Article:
Preparation[ edit ] Hazlitt was well prepared to write The Spirit of the Age. Hackney Collegewhere he studied for two years, was known for fostering radical ideas,  immersing him in the spirit of the previous age, and a generation later helping him understand changes he had observed in British society. He had already begun, before he was thirty, with an extensive critique of Malthus 's theory of population. Consequently, more than ever in need of money,  he was forced to churn out article after article for the periodical press.
Share via Email "He was the fearless, the eloquent, and disinterested advocate of the rights and liberties of Man, in every cause and in every clime. In the summer ofWilliam Hazlitt lay dying in a small upstairs bedroom at the back of a cheap Soho lodging-house.
His first wife Sarah Stoddart, his son William, Charles Lamb and various friends visited him there, as stomach cancer slowly tortured him.
Like Wilde in his Paris pension, he was dying as he had lived, beyond his means; to pay for his last lodging on earth he wrote at least two essays during that tormented summer.
One is called "The Sick Chamber", and in it we can glimpse the "tumbled pillows", the medicine bottles, the juleps in the "unwholesome dungeon" where he lies. He is indeed great company. He is not studied in most university English courses and those who want to read him at any length need to scour secondhand shops for old Everyman editions of his essays gloomily each year I contemplate the tiny number of readers who buy the selection of his essays I did for Penguin a few years ago.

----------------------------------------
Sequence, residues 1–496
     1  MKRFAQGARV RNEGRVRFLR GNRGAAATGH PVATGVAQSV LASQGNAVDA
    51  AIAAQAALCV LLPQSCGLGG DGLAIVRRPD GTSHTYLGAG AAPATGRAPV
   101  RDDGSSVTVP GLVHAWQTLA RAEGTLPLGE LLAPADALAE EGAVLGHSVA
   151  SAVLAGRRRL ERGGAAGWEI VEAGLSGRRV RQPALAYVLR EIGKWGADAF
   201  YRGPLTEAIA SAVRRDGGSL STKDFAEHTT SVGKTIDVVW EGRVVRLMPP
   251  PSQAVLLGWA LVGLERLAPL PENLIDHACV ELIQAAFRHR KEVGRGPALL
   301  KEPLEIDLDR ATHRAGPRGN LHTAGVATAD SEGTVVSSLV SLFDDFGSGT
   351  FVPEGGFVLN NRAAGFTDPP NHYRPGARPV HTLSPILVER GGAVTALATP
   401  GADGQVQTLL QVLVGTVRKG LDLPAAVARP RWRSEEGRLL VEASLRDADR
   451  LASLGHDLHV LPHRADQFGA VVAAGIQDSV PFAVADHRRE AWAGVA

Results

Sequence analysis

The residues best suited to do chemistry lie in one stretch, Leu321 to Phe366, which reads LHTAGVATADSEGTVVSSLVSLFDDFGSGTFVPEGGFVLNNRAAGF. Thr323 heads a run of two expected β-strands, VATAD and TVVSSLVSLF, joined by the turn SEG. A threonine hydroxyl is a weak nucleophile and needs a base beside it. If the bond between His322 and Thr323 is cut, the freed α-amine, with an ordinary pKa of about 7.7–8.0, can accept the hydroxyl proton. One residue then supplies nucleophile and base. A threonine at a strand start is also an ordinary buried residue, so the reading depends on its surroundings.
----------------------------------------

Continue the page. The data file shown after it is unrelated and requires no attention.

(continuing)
A master of English prose style, a beautifully modulated general essayist, the first great theatre critic in English, the first great art critic, a magnificent Spirit of the age essayist journalist and polemicist like William Cobbett, whom he met and whom he describes affectionately in The Spirit of the Age, his greatest book, Hazlitt is both a philosopher and one of the supreme literary critics in the language.
But how and where do we place this little-studied, scantly celebrated critic and journalist? Hazlitt was born in Maidstone on April 10 His mother, Grace Loftus, was the daughter of an English Unitarian ironmonger from Suffolk, his father, William, was from a family of northern Irish Presbyterians, who had moved to the south of Ireland, near Tipperary town.
His father was influenced by the important, though at the moment little discussed, Ulster-Scots philosopher Francis Hutcheson through his studies at Glasgow University, and through Unitarianism, which he chose in rejection of the Calvinist presbyterianism of his parents.
It is particularly appropriate that the Guardian should honour Hazlitt, as they belong to the same Unitarian family the Manchester Guardian was founded in in a Unitarian chapel in Cross Street.
From this puritan or presbyterian, essentially middle-class, dissenting culture flowed innovations in science, economics, political theory, publishing and education.
Hazlitt began as a philosopher, and his first book, An Essay on the Principles of Human Action, is an original work which has been neglected until recently, and which he described, unfairly, as a dry "chokepear".
It contains this beautiful sentence: If we read this passage with the ear, as Hazlitt insists we do, and not simply with the eye, we can perceive that he is running with a series of "ih" sounds which begin with "If" and end with "inseparable" - a word which also sums up the repeated uses of "in" within the sentence - a sentence which has what Hazlitt calls "keeping" - that is, structure, texture, developing form.